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The Sacred Balance: A Vision for Life on Earth

by David Suzuki with Amanda McConnell

Only a few decades ago, human beings had their first look at Earth from space. Cities, skyscrapers, and other Guinness-Book-of-World-Records manmade wonders disappeared into a swirl of greens and blues shrouded in a white cape of weather and atmosphere.

That view from space has changed the way we think about the Earth and the part we play in it more radically than did the Copernican revolution in the 16th century. It buried forever the notion that people are masters of their environment. Since then, environmentalists, writers, and scientists have been trying to write a new explanation of humanity’s role in the world.

David Suzuki’s new book, The Sacred Balance, attempts to stitch together this new world view by looking at the balances that occur in the human body, the natural world, and in our social and spiritual lives. To do this he borrows heavily from Lovelock’s Gaia principle, which argues that the Earth itself is a living organism, delicately balanced and self-regulated in the same way the human body is.

The Sacred Balance is vintage Suzuki: he argues that our actions are throwing the Earth’s life support systems off balance and possibly endangering all life forms; that to save ourselves and the planet we must change our profligate ways and restore the sacred balance. But Suzuki delivers this message in a backhanded and disorganized way. He branches out from his biologist and naturalist roots, making pronouncements about pop psychology (children who aren’t loved grow up maladjusted), and about human spirituality and love in the natural world. He even goes so far as to suggest that the act of a mud dauber feeding its young might be an act of “love.”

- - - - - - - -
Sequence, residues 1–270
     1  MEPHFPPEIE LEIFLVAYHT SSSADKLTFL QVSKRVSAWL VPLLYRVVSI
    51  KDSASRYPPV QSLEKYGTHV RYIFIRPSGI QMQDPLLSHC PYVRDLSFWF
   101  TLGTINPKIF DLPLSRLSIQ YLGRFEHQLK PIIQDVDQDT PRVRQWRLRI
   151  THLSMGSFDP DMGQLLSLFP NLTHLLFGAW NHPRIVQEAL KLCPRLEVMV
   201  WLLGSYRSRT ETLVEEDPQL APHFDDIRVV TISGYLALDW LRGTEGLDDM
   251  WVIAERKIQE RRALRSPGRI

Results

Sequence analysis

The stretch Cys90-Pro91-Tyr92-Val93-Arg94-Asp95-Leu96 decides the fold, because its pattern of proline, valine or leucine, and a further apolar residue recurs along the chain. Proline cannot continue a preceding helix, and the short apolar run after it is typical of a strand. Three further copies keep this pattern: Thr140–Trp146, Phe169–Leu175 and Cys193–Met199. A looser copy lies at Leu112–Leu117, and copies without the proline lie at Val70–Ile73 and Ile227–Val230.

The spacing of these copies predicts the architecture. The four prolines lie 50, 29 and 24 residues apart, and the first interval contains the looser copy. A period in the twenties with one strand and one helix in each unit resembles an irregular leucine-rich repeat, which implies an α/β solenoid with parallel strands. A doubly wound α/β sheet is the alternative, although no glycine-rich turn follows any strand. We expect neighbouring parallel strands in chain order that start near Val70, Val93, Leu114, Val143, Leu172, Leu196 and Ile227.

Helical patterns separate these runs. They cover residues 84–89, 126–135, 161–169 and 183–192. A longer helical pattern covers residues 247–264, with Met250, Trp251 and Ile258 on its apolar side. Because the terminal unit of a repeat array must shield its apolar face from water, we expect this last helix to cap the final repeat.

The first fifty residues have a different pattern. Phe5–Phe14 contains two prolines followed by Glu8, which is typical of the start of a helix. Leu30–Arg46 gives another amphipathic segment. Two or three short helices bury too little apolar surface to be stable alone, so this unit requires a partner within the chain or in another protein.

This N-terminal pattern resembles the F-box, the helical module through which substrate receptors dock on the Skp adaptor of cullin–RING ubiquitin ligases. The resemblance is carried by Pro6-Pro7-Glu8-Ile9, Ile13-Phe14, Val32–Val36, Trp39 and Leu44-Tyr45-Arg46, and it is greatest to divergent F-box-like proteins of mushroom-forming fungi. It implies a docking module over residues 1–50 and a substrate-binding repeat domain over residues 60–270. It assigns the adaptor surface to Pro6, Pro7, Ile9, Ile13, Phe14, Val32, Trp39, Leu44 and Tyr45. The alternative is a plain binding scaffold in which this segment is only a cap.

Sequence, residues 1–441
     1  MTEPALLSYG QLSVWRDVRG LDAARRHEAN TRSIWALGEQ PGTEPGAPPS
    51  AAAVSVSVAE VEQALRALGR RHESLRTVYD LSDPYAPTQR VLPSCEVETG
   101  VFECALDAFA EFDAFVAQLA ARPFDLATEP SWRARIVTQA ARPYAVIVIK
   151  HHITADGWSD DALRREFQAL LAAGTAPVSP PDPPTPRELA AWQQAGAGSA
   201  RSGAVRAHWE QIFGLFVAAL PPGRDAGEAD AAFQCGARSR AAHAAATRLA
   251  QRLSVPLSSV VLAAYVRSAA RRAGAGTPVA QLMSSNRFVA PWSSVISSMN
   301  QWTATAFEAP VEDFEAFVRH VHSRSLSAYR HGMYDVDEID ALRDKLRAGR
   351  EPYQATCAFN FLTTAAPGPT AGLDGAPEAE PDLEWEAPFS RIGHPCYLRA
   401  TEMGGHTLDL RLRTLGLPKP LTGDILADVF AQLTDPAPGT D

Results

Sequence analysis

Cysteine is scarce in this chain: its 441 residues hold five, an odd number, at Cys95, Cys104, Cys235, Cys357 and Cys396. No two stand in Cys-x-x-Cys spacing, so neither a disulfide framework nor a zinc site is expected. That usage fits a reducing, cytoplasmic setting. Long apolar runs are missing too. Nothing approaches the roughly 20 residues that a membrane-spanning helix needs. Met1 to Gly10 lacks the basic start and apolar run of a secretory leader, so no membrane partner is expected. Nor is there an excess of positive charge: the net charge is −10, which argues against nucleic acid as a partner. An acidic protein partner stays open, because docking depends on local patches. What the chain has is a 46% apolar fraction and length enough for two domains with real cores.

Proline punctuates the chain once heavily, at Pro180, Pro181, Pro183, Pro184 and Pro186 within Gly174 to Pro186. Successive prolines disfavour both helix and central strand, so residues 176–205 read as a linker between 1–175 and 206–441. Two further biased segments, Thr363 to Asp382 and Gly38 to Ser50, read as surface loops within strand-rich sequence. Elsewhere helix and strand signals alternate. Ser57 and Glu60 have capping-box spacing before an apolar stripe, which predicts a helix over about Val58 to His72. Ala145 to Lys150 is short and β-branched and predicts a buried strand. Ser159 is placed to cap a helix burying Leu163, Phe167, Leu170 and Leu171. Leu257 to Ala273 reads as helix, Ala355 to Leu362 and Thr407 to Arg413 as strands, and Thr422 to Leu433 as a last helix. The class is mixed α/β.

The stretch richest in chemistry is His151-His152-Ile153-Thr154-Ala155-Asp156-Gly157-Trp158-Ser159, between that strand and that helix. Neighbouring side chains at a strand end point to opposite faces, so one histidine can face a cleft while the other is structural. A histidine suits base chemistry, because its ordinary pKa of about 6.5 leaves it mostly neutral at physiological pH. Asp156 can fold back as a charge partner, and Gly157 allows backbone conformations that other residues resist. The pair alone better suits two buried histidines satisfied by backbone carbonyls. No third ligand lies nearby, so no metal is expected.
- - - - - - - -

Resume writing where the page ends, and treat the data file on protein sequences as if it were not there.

Suzuki tries to beef up his argument with texts and graphics culled from everywhere from the Bible to Romantic poets to Nobel laureates. There are some real gems, but they steal his thunder: they say what Suzuki is trying to say more effectively and succinctly.

Suzuki is most persuasive when writing about the natural world, but in his zeal to impart his wonder at nature’s interconnections, he sometimes goes too far, venturing into the murky waters of sentimentality and anthropomorphism.


Reviewer: Sasha Chapman

Publisher: Greystone Books/David Suzuki Foundation


Price: $28.95

Page Count: 253 pp

Format: Cloth

ISBN: 1-55054-548-5

Released: Oct.

Issue Date: 1997-11

Categories: Science, Technology & Environment